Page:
Download Issues of “Weird Tales” (1923–1954): The Pioneering Pulp Horror Magazine Features Original Stories by Lovecraft, Bradbury & Many More

We live in an era of genre. Browse through TV shows of the last decade to see what I mean: Hor­ror, sci-fi, fan­ta­sy, super­heroes, futur­is­tic dystopias…. Take a casu­al glance at the bur­geon­ing glob­al film fran­chis­es or mer­chan­dis­ing empires. Where in ear­li­er decades, hor­ror and fan­ta­sy inhab­it­ed the teenage domain of B‑movies and com­ic books, they’ve now become dom­i­nant forms of pop­u­lar nar­ra­tive for adults. Telling the sto­ry of how this came about might involve the kind of lengthy soci­o­log­i­cal analy­sis on which peo­ple stake aca­d­e­m­ic careers. And find­ing a con­ve­nient begin­ning for that sto­ry wouldn’t be easy.

Do we start with The Cas­tle of Otran­tothe first Goth­ic nov­el, which opened the door for such books as Drac­u­la and Franken­stein? Or do we open with Edgar Allan Poe, whose macabre short sto­ries and poems cap­ti­vat­ed the public’s imag­i­na­tion and inspired a mil­lion imi­ta­tors? Maybe. But if we real­ly want to know when the most pop­ulist, mass-mar­ket hor­ror and fan­ta­sy began—the kind that inspired tele­vi­sion shows from the Twi­light Zone to the X‑Files to Super­nat­ur­al to The Walk­ing Dead—we need to start with H.P. Love­craft, and with the pulpy mag­a­zine that pub­lished his bizarre sto­ries, Weird Tales.

Debut­ing in 1923, Weird Taleswrites The Pulp Mag­a­zines Projectpro­vid­ed “a venue for fic­tion, poet­ry and non-fic­tion on top­ics rang­ing from ghost sto­ries to alien inva­sions to the occult.” The mag­a­zine intro­duced its read­ers to past mas­ters like Poe, Bram Stok­er, and H.G. Wells, and to the lat­est weird­ness from Love­craft and con­tem­po­raries like August Der­leth, Ash­ton Smith, Cather­ine L. Moore, Robert Bloch, and Robert E. Howard (cre­ator of Conan the Bar­bar­ian).

In the magazine’s first few decades, you wouldn’t have thought it very influ­en­tial. Founder Jacob Clark Hen­nen­berg­er strug­gled to turn a prof­it, and the mag­a­zine “nev­er had a large cir­cu­la­tion.” But no mag­a­zine is per­haps bet­ter rep­re­sen­ta­tive of the explo­sion of pulp genre fic­tion that swept through the ear­ly twen­ti­eth cen­tu­ry and even­tu­al­ly gave birth to the jug­ger­nauts of Mar­vel and DC.

Weird Tales is wide­ly accept­ed by cul­tur­al his­to­ri­ans as “the first pulp mag­a­zine to spe­cial­ize in super­nat­ur­al and occult fic­tion,” points out The Ency­clo­pe­dia of Sci­ence Fic­tion (though, as we not­ed beforean obscure Ger­man title, The Orchid Gardentech­ni­cal­ly got there ear­li­er). And while the mag­a­zine may not have been wide­ly pop­u­lar, as the Vel­vet Under­ground was to the rapid spread of var­i­ous sub­gen­era of rock in the sev­en­ties, so was Weird Tales to hor­ror and fan­ta­sy fan­dom. Every­one who read it either start­ed their own mag­a­zine or fan­club, or began writ­ing their own “weird fic­tion”—Lovecraft’s term for the kind of super­nat­ur­al hor­ror he churned out for sev­er­al decades.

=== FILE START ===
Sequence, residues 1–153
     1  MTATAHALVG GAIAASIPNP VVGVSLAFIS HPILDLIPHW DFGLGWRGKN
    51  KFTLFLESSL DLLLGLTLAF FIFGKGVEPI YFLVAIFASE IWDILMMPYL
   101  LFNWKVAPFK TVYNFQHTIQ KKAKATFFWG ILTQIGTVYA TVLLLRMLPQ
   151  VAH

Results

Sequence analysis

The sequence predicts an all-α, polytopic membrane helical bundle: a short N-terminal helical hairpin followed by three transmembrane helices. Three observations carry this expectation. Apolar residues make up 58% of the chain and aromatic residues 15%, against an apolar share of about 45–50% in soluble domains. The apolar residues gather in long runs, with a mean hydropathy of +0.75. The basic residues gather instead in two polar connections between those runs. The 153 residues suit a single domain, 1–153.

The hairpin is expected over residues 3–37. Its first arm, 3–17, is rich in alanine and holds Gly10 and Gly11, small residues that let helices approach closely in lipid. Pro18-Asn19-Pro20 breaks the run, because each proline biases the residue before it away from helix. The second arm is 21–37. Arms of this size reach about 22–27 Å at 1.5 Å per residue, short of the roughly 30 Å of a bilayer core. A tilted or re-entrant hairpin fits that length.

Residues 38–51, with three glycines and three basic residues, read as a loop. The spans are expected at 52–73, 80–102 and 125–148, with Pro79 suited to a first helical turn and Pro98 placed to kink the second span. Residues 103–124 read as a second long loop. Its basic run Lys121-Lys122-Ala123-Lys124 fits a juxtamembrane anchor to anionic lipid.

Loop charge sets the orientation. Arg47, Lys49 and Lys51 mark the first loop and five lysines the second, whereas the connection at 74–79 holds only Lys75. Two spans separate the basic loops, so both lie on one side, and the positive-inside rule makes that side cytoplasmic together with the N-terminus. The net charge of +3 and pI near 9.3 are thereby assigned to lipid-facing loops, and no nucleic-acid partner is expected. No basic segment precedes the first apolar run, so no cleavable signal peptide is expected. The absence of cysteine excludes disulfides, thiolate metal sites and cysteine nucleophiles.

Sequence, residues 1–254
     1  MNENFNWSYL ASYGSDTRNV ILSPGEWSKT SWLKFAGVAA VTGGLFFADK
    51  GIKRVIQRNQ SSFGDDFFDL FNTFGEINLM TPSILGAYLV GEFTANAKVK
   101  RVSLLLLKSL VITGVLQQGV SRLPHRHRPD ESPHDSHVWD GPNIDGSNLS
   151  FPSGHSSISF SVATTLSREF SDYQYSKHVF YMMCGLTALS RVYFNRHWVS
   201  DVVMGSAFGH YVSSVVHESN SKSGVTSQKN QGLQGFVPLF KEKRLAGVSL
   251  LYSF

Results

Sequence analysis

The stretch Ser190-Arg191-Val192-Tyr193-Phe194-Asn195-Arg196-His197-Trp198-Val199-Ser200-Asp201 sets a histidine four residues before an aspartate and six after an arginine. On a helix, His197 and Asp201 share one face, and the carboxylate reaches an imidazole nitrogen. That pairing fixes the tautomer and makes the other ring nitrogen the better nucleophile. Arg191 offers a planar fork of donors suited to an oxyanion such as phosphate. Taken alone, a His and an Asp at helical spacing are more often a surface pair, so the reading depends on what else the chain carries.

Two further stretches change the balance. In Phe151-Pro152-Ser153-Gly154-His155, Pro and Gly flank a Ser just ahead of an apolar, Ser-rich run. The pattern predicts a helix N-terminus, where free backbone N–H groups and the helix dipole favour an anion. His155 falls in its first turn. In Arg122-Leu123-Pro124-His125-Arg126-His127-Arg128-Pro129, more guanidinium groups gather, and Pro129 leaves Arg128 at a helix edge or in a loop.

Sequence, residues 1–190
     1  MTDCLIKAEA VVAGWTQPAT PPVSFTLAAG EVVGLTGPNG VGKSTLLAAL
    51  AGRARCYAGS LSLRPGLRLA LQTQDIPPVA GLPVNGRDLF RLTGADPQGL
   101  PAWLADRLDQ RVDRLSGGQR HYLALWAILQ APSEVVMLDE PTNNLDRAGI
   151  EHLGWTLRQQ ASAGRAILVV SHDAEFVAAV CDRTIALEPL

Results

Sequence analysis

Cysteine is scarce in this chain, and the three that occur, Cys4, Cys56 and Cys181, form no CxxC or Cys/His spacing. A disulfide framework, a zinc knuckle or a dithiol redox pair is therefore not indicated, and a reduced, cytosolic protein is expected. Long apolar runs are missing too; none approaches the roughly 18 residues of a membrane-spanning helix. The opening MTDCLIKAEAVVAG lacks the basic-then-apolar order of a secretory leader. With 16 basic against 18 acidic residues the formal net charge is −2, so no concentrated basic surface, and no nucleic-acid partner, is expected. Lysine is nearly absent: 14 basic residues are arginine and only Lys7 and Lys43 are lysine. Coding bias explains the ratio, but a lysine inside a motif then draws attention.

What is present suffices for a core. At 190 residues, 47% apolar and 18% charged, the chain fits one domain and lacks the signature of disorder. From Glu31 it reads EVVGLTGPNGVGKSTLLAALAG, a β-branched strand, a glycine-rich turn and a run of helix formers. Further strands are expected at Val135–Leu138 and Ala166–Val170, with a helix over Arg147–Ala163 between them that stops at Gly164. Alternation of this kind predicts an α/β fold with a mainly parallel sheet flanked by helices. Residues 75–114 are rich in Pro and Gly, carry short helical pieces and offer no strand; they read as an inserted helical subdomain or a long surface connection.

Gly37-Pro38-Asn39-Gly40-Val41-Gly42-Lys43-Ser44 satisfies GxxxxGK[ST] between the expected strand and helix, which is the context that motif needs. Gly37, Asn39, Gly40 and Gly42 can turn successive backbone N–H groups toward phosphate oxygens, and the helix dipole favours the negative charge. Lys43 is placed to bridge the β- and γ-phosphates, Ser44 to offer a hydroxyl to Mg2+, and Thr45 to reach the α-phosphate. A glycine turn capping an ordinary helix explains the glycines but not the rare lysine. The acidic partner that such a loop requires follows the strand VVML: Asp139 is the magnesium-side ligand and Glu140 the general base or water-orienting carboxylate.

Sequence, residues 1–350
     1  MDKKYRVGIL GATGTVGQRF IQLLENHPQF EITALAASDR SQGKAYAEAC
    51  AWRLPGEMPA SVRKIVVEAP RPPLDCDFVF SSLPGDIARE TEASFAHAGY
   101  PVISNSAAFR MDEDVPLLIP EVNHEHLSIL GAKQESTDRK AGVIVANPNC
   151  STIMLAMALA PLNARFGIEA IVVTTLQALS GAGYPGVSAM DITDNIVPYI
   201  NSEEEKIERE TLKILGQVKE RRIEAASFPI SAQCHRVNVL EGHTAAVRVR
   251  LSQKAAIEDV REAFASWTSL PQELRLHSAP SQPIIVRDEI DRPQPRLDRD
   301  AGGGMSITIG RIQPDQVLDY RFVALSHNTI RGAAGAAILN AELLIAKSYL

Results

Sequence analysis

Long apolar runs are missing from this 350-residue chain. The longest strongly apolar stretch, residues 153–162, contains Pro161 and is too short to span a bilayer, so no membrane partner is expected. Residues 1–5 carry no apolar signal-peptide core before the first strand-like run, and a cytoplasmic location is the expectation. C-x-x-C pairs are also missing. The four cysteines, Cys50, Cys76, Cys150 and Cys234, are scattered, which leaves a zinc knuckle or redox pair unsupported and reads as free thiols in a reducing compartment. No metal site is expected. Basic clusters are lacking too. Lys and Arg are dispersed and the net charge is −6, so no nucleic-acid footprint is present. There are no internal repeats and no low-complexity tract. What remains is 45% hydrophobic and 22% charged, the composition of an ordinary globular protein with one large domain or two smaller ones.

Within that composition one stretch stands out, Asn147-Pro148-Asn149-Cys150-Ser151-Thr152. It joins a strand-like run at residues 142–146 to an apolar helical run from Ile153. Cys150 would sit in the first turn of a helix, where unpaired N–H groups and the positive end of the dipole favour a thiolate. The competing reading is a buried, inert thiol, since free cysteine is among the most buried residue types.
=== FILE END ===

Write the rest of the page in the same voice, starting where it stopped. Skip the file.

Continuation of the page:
Fans of Love­craft can read and down­load scans of his sto­ries and let­ters to the edi­tor pub­lished in Weird Tales at the links below, brought to us by The Lovecraft in Zine (via SFFau­dio).

Let­ter to the edi­tor of Weird TalesSep­tem­ber 1923 – Sep­tem­ber 1923

Let­ter to the edi­tor of Weird TalesOcto­ber 1923 – Octo­ber 1923

Let­ter to the edi­tor of Weird TalesJan­u­ary 1924 – Jan­u­ary 1924

Let­ter to the edi­tor of Weird TalesMarch 1924 – March 1924

Impris­oned With The Pharaohs – May/June/July 1924

Hyp­nos – May/June/July 1924

The Tomb – Jan­u­ary 1926

The Ter­ri­ble Old Man – August 1926

Yule Hor­ror – Decem­ber 1926

The White Ship – March 1927

Let­ter to the edi­tor of Weird Tales, Feb­ru­ary 1928 – Feb­ru­ary 1928

The Dun­wich Hor­ror – April 1929

The Tree – August 1938

Fun­gi From Yug­goth Part XIII: The Port – Sep­tem­ber 1946

Fun­gi From Yug­goth Part X: The Pigeon-Fly­ers – Jan­u­ary 1947

Fun­gi From Yug­goth Part XXVI: The Famil­iars – Jan­u­ary 1947

The City – July 1950

Hallowe’en In A Sub­urb – Sep­tem­ber 1952

Fans of ear­ly pulp hor­ror and fantasy—–or grad stu­dents writ­ing their the­sis on the evo­lu­tion of genre fiction—can view and down­load dozens of issues of Weird Talesfrom the 20s to the 50s, at the links below:

The Inter­net Archive has dig­i­tized copies from the 1920s and 1930s.

The Pulp Mag­a­zine Project hosts HTML, Flip­Book, and PDF ver­sions of Weird Tales issues from 1936 to 1939

This site has PDF scans of indi­vid­ual Weird Tales sto­ries from the 40s and 50s, includ­ing work by Love­craft, Ray Brad­bury, Dorothy Quick, Robert Blochand Theodor Stur­geon.

And to learn much more about the his­to­ry of the mag­a­zine, you may wish to beg, bor­row, or steal a copy of the pri­cy col­lec­tion of essays, The Unique Lega­cy of Weird Tales: The Evo­lu­tion of Mod­ern Fan­ta­sy and Hor­ror.

Relat­ed Con­tent:

Dis­cov­er the First Hor­ror & Fan­ta­sy Mag­a­zine, Der Orchideen­garten, and Its Bizarre Art­work (1919–1921)

Enter a Huge Archive of Amaz­ing Sto­riesthe World’s First Sci­ence Fic­tion Mag­a­zine, Launched in 1926

Down­load 15,000+ Free Gold­en Age Comics from the Dig­i­tal Com­ic Muse­um

Josh Jones is a writer and musi­cian based in Durham, NC. Fol­low him at @jdmagness



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